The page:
Sam’s question, “Why is Derek Walcott considered so great?”  is now, I believe, stalking its answer:  I would propose that this ambivalence – his home, a twenty-seven mile by fourteen mile  reprieve from Caribbean waters, held up against the legacy of Auden – is at the core of his strength as a poet.  Far from dividing his art, making him half-hearted in either direction, it has given him a singleness of purpose.  His outsized ambition could perhaps best be described as a West Indian iteration of Stephen Dedelus’s famous battle cry near the end of Joyce’s Portrait of the Artist as a Young Man, “to forge in the smithy of my soul the uncreated conscience of my race.” Such rhetoric is naturally vulnerable to grandiloquence, but if his poems occasionally succumb, it is the error of a gifted boy from the provinces singing too loudly in the King’s church.  In this, it participates in a universal drama. It is one of the central tasks of our lives to press for certain reconciliations: between who we are and who we wish we were, what we are and what we could be, where we are, where we imagine it is better to be, and where, at last, we are most ourselves. And, in the course of these spiritual negotiations, can it be said we are, any of us, really alive if we don’t sing sometimes too loudly?

Here, from the thirteenth chapter of The Prodigal, is Walcott at his most moving . This passage comes after the narrator has journeyed to Europe, fast on the heals of self-understanding, and has returned at last to his island home.


So has it come to this, to have to choose?
The chafe of the breakers’ moving marbles,
their lucent and commodious statuary
of turbulent stasis, changing repetition
of drizzling spray that glazes your eyes
like the marble miracles of the Villa Borghese?
Do not diminish in my memory
villages of absolutely no importance,
the rattleing bridge over the stone-bright river,
un-ornate churches, chapels in the provinces
of light-exhausted Europe. Hoard, cherish
your negligible existence, your unrecorded history
of unambitious syntax, your clean pools
of unpolluted light over close stones.


One Response to Derek Walcott won’t save you (part 3)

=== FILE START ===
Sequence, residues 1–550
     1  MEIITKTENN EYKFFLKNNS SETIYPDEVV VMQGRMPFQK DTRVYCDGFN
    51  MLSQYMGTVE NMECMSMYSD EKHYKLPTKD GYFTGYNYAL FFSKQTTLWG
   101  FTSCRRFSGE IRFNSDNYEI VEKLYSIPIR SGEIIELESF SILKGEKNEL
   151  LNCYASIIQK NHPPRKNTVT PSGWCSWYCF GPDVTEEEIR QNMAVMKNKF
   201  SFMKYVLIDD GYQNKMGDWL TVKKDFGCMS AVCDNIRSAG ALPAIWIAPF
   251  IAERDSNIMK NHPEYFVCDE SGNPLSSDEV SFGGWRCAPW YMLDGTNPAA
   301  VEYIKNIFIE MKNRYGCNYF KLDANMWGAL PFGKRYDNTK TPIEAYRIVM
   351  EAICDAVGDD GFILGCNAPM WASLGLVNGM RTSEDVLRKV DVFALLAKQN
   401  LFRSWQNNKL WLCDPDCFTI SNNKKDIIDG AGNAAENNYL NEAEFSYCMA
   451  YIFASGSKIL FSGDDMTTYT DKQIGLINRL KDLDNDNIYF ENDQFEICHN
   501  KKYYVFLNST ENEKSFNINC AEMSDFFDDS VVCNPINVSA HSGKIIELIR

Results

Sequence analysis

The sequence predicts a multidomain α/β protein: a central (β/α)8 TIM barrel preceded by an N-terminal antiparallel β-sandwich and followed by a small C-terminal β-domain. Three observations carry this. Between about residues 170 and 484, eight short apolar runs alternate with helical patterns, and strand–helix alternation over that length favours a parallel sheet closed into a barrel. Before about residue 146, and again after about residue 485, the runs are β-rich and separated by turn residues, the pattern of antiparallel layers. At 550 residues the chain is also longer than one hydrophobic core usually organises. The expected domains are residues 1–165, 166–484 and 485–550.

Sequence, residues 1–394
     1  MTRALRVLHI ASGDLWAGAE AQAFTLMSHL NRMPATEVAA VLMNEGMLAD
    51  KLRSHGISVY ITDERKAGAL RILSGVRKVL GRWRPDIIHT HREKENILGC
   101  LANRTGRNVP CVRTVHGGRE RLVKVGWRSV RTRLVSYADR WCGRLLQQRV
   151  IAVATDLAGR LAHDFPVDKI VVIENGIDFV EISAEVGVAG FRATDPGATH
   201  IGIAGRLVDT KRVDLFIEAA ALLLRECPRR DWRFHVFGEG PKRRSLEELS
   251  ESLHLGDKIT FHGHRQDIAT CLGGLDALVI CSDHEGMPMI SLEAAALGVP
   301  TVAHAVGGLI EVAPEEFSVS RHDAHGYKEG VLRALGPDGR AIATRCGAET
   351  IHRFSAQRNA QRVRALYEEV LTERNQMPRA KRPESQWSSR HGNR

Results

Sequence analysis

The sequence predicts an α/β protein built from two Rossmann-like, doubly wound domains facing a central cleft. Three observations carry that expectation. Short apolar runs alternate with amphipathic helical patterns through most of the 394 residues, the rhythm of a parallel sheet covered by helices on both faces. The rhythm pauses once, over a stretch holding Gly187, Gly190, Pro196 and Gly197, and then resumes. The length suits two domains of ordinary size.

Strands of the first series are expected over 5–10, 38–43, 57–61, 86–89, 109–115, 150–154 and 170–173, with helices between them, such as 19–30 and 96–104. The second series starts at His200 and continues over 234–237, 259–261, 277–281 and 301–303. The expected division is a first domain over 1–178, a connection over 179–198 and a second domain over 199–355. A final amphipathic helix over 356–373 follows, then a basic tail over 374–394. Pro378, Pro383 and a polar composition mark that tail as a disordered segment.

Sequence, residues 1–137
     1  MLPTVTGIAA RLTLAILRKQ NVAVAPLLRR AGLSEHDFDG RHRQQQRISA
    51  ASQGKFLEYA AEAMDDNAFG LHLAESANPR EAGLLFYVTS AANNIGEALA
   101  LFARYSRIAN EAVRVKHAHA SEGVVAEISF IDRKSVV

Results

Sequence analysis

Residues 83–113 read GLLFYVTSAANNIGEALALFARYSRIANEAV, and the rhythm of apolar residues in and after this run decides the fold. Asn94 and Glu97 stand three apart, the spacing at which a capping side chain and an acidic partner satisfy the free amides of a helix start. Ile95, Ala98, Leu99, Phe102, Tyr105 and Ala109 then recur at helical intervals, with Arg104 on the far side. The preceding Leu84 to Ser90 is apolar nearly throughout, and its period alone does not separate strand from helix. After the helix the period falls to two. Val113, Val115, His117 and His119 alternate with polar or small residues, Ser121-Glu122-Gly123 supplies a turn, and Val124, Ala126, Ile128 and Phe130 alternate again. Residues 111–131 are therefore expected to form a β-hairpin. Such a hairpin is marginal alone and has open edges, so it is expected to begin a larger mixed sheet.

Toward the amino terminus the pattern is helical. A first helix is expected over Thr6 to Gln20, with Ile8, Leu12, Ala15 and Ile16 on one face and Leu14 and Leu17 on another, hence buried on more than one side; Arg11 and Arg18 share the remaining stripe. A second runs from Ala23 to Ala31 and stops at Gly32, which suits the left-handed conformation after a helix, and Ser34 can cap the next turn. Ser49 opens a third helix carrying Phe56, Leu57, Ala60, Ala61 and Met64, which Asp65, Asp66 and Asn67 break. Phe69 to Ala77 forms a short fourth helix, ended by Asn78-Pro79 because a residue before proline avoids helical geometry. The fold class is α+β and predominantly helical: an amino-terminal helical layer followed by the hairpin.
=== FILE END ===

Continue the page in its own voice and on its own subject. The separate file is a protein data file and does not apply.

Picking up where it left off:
1. Hi David,
    A large portion of Walcott’s greatness stems, as you said, from the tension between a specific locale and the rest of the globe whose history shaped that locale. The Caribbean’s history is tied up intimately with the history of Europe, Africa and the Americas. He shows us how the strands of history in those four continents have become interwoven in the Caribbean in a way they have not anywhere else.
    To look at what makes him Shakespearean, though, I think is a question of his characterization. I don’t think it’s merely an accolade to call him Shakespearean, I think there is a literary affinity between the two. Harold Bloom thinks that what makes Shakespeare’s characters unique is the way in which they overhear themselves thinking and change their course of action accordingly. Walcott’s characters in Omeros have the same quality. James Wood’s assessment of what is most Shakespearean in Shakespeare’s characters is the unique way in which the characters believe in and assert their own reality, often to the point of frivolity in relation to the other characters, but never, of course, to the thrust of the story and themes. Again, the characters in Omeros have this quality to a degree I think I’ve only seen elsewhere in William Faulkner and perhaps in the Roberto Bolano of The Savage Detective’s middle section.
    This may be a feature of Omeros that differs from much of his other poetry (very little of which I have read), due to the narrative structure, which allows for the interaction of a full cast of fully realized individuals, which wouldn’t find outlet in smaller lyric poems.
    Kudos! It’s great to look at writers and think about what makes them great, or, when it occurs, why we don’t find them to be so. Thanks for your thoughts!